Coverage suggests that ethical boundaries have been breached; laws to protect privacy make have been broken, but Facebook responds with a predictable caveat emptor. So, ‘wake up and smell the coffee’ – there’s a (high?) price to pay for social media communications.

The recent NatCen report suggests that researchers need to tread very carefully when using social media as a data source, but Facebook can access data that is unavailable to external researchers in their quest to understand human behaviour, and then exploit the outcomes as they wish, but will consumers appreciate that a dividing line exists between what a social media owner can undertake as research compared to others – no, a researcher is a researcher.

I’ve been asked the question as to what IJMR’s stance would have been if the article had been submitted. A very good question, with no easy answer. As it stands, the ability to manipulate peoples’ emotional feelings in this way is an interesting experiment exploring how to influence human behaviour, and is worthy of consideration – it’s certainly of more (much more) than passing interest to readers of IJMR! 

The dataset is large, and is probably representative of Facebook members. The outcomes suggest that the conceptual model built from the research works in practice. It tells us new information about how humans behave when exposed to certain stimuli, and adds to the body of knowledge in this field.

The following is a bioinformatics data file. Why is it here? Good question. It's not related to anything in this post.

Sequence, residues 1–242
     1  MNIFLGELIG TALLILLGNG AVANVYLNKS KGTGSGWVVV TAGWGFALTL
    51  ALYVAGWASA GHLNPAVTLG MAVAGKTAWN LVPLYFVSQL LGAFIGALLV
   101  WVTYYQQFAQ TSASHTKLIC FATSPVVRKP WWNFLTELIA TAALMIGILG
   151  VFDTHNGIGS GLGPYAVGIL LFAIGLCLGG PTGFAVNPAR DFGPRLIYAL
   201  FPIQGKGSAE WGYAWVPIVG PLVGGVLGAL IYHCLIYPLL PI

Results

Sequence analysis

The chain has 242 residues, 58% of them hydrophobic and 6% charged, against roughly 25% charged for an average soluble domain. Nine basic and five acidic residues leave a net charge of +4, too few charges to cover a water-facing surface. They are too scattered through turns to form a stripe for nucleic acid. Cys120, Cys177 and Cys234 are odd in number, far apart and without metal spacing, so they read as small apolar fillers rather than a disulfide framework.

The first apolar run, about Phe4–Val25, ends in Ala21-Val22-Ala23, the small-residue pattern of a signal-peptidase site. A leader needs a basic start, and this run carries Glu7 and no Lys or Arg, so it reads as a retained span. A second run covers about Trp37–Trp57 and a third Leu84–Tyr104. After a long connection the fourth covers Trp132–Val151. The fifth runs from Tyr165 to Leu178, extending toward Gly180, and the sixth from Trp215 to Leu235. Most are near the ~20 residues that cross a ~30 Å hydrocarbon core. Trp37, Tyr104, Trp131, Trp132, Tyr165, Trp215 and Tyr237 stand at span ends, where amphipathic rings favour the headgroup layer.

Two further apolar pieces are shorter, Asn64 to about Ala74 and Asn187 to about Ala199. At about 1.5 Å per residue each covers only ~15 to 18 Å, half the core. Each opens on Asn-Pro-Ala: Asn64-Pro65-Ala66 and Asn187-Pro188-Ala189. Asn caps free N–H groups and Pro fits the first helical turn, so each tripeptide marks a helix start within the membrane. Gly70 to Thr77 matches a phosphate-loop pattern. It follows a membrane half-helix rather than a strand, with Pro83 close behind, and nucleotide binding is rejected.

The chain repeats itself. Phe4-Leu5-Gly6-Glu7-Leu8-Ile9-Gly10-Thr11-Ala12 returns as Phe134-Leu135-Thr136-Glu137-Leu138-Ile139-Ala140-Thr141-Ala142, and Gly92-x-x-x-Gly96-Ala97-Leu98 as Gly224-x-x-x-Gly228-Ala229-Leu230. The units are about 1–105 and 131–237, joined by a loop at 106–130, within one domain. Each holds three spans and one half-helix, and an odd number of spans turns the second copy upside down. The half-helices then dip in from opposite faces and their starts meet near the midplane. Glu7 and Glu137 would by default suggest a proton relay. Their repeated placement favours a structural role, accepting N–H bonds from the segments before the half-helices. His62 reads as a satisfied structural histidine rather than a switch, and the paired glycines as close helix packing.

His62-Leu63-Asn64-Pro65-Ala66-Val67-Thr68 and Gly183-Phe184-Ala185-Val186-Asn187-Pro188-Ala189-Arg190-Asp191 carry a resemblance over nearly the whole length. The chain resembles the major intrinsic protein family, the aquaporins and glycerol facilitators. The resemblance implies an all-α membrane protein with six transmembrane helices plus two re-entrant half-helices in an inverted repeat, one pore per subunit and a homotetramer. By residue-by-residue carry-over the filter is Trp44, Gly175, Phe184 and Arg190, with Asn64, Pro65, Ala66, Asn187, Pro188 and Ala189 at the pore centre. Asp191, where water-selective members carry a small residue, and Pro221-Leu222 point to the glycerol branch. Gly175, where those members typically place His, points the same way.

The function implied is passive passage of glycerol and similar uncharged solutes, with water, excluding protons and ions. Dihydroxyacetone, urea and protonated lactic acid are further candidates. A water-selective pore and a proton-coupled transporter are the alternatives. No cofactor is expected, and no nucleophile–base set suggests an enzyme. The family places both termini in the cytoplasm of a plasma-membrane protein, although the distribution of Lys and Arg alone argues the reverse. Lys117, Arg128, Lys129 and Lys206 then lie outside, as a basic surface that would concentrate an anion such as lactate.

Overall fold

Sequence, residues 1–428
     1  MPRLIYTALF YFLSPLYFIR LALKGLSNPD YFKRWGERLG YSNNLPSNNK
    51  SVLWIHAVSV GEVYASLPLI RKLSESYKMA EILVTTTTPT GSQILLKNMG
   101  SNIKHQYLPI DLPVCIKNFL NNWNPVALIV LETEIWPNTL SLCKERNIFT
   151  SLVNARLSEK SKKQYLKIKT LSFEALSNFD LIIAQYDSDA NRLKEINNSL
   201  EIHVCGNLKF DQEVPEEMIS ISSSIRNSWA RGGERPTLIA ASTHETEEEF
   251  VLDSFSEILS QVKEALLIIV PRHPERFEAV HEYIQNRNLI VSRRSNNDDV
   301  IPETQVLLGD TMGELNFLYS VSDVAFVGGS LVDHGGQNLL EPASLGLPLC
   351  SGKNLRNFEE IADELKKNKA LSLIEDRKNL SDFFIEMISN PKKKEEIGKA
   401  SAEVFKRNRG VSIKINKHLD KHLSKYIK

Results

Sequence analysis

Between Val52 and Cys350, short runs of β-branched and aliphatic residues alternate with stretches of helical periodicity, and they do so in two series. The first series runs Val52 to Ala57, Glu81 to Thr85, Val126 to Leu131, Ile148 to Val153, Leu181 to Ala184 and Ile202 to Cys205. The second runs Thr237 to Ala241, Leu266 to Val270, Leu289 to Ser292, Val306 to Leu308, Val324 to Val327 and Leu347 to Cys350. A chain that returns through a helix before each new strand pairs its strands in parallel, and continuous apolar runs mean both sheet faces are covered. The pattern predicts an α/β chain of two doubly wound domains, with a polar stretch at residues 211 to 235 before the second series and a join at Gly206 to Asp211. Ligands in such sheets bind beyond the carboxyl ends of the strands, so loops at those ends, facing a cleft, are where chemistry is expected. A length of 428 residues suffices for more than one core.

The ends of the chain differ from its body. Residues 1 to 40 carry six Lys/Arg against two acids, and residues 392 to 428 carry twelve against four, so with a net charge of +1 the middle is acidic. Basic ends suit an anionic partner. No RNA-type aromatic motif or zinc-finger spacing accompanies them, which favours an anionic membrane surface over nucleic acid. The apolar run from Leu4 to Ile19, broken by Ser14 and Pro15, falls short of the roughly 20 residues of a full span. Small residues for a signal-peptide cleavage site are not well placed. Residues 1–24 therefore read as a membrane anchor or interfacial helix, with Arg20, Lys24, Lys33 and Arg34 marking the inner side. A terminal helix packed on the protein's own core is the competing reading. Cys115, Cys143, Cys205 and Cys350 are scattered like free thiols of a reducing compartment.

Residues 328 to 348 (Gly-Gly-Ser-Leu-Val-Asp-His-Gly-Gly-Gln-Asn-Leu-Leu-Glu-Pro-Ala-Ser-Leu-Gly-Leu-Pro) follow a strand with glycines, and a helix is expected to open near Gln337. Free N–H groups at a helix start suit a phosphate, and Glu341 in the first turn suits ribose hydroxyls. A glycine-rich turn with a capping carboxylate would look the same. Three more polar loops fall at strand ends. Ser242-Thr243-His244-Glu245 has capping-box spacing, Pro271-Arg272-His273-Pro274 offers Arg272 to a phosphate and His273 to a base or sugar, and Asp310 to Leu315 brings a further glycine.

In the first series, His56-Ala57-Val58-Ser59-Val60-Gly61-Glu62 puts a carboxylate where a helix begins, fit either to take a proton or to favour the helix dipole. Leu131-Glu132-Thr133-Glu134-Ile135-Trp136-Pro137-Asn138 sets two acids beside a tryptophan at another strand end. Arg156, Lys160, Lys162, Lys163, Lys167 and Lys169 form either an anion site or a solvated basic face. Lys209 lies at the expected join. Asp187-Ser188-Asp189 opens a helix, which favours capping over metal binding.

So far, so good. But was the experiment ethical, and legal? That’s really where there might well be some polarised views if it had gone out for peer review. 

I don’t think it’s as clear as some believe. We are back to what users of Facebook have really signed up to, and whether informed consent was necessary before conducting an experiment of this sort. So the answer is I don’t really know where we’d have ended up. 

Personally, I’d love the publicity for IJMR as most of what we publish will never make the headlines internationally as this has – but that’s just my wish to constantly ratchet up the profile and influence of IJMR. However, the coverage I’ve seen to date suggests that the article has probably not done the image of research any good in the eyes of the public.

The issue is what happens now? The genie is out of the bottle. The implications for advertisers, politicians, religious groups, terrorists etc, who are all already very sophisticated users of social media are manifold. Most importantly, would Facebook users ever be aware when the findings have, or have not, been applied.

Subliminal advertising is banned, but what about subliminal emotion manipulation? Based on the world today this may prove to be just another storm in a teacup, one step further in the erosion of privacy and a victory to the ’hidden persuaders’. 

It could be that enough-is-enough and will lead to a tougher stance by legislators. 

However, Google is already setting up new rules to minimise the impact of the judgement in Spain about the right to be forgotten (‘Google snubs stars’ pleas to spare blushes’, The Sunday Times, 29-06-14). 

I’m therefore not very optimistic on this one.

See the full study: ‘Experimental evidence of massive-scale emotional contagion through social networks’.